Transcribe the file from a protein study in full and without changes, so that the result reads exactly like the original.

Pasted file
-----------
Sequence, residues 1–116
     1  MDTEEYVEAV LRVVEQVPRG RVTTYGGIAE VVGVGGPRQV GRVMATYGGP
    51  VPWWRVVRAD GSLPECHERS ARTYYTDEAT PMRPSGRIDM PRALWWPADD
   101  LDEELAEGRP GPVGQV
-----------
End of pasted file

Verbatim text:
Sequence, residues 1–116
     1  MDTEEYVEAV LRVVEQVPRG RVTTYGGIAE VVGVGGPRQV GRVMATYGGP
    51  VPWWRVVRAD GSLPECHERS ARTYYTDEAT PMRPSGRIDM PRALWWPADD
   101  LDEELAEGRP GPVGQV